For the last several years, nextSource has reported periodically on the increased use of contract workers in the Higher Education industry. We’ve also written at length about the rise of online education and how the staffing industry was forced to grapple with yet another industry competing for contract workers with the technical skill sets required to build out and maintain online learning systems. With the current COVID-19 crisis forcing nearly all activities into the cyber space, will Higher Education organizations see a spike in new online learning enrollments? Let’s examine the trends for some evidence to support this possibility.
While it is still too early to capture any statistically significant data regarding new online enrollments for higher education, it is clear from several sources of independently verifiable research, that online education has seen growth as a fraction of the overall student population over the past number of years. The Department of Education’s most recent report from December of 2019 revealed that the proportion of all enrolled college students taking at least one remote learning course rose to 34.7% in 2018. That was up from 33.1% the previous year.
The Inside Higher Ed blog reported in the end of 2018 that, although the number of overall enrollments in postsecondary education dropped by around 90,000 between the school years of 2016 and 2017 (their data from the National Center for Education Statistics and National Student Clearinghouse), the number of students studying at least partially online had actually grown by more than 350,000. A 5.7 percent increase year over year.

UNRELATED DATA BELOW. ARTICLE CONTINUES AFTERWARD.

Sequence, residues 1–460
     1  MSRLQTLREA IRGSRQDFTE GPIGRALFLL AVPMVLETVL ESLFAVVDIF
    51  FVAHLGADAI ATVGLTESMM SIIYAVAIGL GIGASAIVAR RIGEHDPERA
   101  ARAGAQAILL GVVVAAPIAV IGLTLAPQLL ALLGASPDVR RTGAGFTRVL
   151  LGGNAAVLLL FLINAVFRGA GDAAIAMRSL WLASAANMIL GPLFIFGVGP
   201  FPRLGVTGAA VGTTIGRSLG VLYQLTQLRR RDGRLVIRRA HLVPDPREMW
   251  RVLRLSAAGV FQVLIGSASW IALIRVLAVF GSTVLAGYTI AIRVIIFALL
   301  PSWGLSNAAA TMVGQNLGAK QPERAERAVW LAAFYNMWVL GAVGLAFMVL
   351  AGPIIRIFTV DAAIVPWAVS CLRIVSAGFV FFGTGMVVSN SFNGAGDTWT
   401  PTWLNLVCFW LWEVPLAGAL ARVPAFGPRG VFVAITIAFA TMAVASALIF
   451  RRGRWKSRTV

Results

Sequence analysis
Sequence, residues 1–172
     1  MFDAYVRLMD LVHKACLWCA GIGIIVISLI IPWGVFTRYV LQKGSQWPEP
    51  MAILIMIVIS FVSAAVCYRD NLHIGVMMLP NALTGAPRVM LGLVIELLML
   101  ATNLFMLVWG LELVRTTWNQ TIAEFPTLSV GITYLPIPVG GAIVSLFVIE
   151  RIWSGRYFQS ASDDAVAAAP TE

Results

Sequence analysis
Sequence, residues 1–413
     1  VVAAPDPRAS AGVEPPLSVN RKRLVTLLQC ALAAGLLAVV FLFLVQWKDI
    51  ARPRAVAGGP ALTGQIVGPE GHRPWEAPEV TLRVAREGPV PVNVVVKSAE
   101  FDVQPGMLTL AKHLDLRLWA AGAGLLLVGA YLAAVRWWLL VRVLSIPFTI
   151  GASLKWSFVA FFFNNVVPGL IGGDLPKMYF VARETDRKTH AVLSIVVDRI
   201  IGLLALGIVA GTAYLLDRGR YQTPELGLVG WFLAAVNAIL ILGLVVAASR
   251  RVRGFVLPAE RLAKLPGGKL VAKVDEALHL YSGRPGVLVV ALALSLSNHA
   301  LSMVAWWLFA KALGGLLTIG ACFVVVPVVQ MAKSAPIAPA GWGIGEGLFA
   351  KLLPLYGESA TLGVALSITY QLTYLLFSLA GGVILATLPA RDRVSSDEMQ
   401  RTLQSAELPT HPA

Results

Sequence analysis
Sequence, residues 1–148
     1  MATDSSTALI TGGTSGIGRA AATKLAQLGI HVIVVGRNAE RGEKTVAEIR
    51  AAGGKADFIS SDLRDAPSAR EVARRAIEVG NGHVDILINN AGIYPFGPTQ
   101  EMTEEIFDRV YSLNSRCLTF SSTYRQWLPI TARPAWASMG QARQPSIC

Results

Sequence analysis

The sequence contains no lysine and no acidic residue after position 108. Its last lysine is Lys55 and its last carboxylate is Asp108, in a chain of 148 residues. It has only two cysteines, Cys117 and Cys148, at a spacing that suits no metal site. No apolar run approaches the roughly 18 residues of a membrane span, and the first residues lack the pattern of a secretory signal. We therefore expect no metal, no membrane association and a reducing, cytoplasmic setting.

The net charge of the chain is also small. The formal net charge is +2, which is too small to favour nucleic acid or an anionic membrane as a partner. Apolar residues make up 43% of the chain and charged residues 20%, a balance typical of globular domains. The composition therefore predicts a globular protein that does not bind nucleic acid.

Moreover, the 2019 Online Education Report compiled by BestColleges.com, an online resource helping prospective students make the best decision for their educational needs reported that for two years in a row, almost a full third of students polled reported no concerns about choosing online learning over on-campus studies.
While we have no hard data yet to confirm that COVID-19 is expediting online enrollment, it seems like the trend was already favoring growth in this direction. It stands to reason that the “new normal” will have a significant effect on driving this trend upwards more quickly than it would have occurred without the need to practice social distancing. This portends huge implications on contingent labor management.
Staffing industry leaders are doubtless already considering the implications and taking steps to expand their capacity to attract and retain contract workers, SOWs and other worker types with the requisite technology talent and skills needed to help higher education build out the internet infrastructure to support expanded online learning. In the macro sense, as with many industries, there are significant cost savings to be captured (real estate costs, facilities maintenance, etc.) associated with taking offices and other operations into the online space. COVID-19 may be a motivating factor in accelerating this trend in Higher Education.
If you’re responsible for managing contract workers or other contingent workforce assets in a Higher Education organization, or you’re a staffing industry professional with resources to offer, this is the right time to reach out to nextSource for the collaborative capabilities nextSource delivers to both the supply and demand side of contingent workforce management programs.
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